Why would Israel negotiate with the Palestinians if it could dictate its terms to them; why compromise when belligerence is rewarded with more concessions?
So the peace process was pronounced dead. Yet again! After all, it had also been pronounced dead after Clinton’s 2000 Camp David summit failed to save it; after George W Bush’s Roadmap failed to revive it, and after the Obama Administration all but gave up on it.
Alas, with each obituary, violence broke out in frustration as Israel unleashed military campaigns including two major offensives against Gaza. Whether it acted in vengeance, or to “mow the lawn”, ie cut the Palestinians to size, Israeli aggression led to mayhem and the death of thousands.
And yet, there is no giving up on the spectacle; no letting go of the diplomatic charade which, in fact, killed the two-state solution, by allowing Israel to deepen its military and civilian entrenchment in the prospective Palestinian state.
The peace process is dead; long live the peace process.
For it is now Biden’s turn to revive the peace procession.
His administration has promised to redress some of the defects of the Trump approach by improving relations with the PLO, reopening the US consulate in East Jerusalem, and restoring financial assistance to the Palestinian Authority (PA) so that it could put the show back on the road.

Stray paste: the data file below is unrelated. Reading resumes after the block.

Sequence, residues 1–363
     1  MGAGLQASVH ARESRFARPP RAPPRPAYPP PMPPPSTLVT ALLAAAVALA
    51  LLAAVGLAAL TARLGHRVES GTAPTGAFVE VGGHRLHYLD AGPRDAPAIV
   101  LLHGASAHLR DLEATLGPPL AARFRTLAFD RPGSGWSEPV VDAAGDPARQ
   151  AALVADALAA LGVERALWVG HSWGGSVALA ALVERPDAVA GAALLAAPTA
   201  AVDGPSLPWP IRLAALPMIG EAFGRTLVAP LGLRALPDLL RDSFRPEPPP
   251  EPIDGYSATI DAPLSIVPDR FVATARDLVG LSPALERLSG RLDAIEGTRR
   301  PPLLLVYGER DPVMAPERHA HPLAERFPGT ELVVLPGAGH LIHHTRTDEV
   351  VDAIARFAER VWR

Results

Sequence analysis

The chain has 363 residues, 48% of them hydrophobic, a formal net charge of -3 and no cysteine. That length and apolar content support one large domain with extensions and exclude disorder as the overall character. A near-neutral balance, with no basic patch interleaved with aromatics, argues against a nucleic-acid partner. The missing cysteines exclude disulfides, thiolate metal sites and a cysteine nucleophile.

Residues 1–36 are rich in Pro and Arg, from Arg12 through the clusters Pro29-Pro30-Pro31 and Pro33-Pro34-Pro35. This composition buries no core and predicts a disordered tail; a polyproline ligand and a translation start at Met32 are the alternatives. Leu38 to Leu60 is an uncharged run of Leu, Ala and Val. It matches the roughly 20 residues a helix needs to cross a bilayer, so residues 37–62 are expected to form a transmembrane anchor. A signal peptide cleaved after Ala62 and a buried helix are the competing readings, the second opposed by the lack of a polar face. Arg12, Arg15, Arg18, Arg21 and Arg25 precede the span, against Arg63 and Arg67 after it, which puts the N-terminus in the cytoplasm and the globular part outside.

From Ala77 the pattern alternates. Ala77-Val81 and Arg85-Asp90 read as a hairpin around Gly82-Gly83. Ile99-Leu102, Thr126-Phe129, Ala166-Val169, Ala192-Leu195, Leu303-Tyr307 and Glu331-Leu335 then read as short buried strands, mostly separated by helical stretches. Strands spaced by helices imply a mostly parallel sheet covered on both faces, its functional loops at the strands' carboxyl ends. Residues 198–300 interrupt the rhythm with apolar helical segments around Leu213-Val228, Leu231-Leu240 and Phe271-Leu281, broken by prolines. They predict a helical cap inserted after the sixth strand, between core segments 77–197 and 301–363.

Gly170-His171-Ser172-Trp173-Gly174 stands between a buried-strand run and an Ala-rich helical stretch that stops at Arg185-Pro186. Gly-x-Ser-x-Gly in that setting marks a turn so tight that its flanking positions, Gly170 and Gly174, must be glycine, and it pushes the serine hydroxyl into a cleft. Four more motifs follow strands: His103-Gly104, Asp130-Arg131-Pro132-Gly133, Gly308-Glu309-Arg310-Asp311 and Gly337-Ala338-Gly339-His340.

The move is commendable and is sure to be welcomed everywhere, except perhaps in Israel, where the Netanyahu-led government continues to embrace all that is Trump and oppose all that Biden stands for.
That is why it is high time for the US president to shun this corrupt Israeli prime minister, who has been indicted on charges of bribery, fraud and breach of trust. And who, like Trump, has undermined the electoral process purely for personal gain and glory.
Netanyahu had basically taken Trump’s side during the elections, and kept his joint photo with Trump on his official Twitter account, well after his mob attacked the Capitol.
Biden surely remembers how Netanyahu, rudely and against all protocol, incited Congress against the Obama administration on the Iran nuclear question
The president must also respond to Netanyahu’s most recent provocation of announcing new settlement expansion on the eve of his inauguration, by speaking out against the illegal Israeli settlements, as he did in the past.
Lest he forgot how Netanyahu humiliated him personally as he visited Jerusalem in 2010 to restart the peace process, by announcing dramatic new plans for illegal settlement expansion in East Jerusalem.